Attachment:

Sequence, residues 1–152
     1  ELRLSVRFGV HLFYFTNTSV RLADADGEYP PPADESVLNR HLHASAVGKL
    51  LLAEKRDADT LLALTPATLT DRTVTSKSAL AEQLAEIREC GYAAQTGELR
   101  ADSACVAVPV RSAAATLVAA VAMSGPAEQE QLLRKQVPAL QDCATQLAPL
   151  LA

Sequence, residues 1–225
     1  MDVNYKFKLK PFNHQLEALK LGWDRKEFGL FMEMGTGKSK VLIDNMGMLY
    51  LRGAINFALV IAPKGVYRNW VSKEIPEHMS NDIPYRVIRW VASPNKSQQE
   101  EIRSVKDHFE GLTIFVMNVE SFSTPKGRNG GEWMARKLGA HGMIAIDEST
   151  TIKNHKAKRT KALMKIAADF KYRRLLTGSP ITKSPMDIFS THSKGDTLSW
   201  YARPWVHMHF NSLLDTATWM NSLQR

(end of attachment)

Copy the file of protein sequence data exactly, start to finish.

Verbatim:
Sequence, residues 1–152
     1  ELRLSVRFGV HLFYFTNTSV RLADADGEYP PPADESVLNR HLHASAVGKL
    51  LLAEKRDADT LLALTPATLT DRTVTSKSAL AEQLAEIREC GYAAQTGELR
   101  ADSACVAVPV RSAAATLVAA VAMSGPAEQE QLLRKQVPAL QDCATQLAPL
   151  LA

Sequence, residues 1–225
     1  MDVNYKFKLK PFNHQLEALK LGWDRKEFGL FMEMGTGKSK VLIDNMGMLY
    51  LRGAINFALV IAPKGVYRNW VSKEIPEHMS NDIPYRVIRW VASPNKSQQE
   101  EIRSVKDHFE GLTIFVMNVE SFSTPKGRNG GEWMARKLGA HGMIAIDEST
   151  TIKNHKAKRT KALMKIAADF KYRRLLTGSP ITKSPMDIFS THSKGDTLSW
   201  YARPWVHMHF NSLLDTATWM NSLQR